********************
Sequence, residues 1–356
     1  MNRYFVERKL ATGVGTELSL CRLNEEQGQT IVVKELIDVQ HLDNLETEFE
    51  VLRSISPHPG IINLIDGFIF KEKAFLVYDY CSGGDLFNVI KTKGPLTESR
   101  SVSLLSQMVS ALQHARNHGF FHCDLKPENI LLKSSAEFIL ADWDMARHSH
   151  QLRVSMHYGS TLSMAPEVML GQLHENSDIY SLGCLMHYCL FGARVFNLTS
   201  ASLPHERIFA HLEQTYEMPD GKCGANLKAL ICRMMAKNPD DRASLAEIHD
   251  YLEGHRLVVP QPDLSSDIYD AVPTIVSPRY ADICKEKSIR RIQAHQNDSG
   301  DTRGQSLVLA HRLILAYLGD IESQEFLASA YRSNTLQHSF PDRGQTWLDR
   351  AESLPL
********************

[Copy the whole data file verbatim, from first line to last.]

Sequence, residues 1–356
     1  MNRYFVERKL ATGVGTELSL CRLNEEQGQT IVVKELIDVQ HLDNLETEFE
    51  VLRSISPHPG IINLIDGFIF KEKAFLVYDY CSGGDLFNVI KTKGPLTESR
   101  SVSLLSQMVS ALQHARNHGF FHCDLKPENI LLKSSAEFIL ADWDMARHSH
   151  QLRVSMHYGS TLSMAPEVML GQLHENSDIY SLGCLMHYCL FGARVFNLTS
   201  ASLPHERIFA HLEQTYEMPD GKCGANLKAL ICRMMAKNPD DRASLAEIHD
   251  YLEGHRLVVP QPDLSSDIYD AVPTIVSPRY ADICKEKSIR RIQAHQNDSG
   301  DTRGQSLVLA HRLILAYLGD IESQEFLASA YRSNTLQHSF PDRGQTWLDR
   351  AESLPL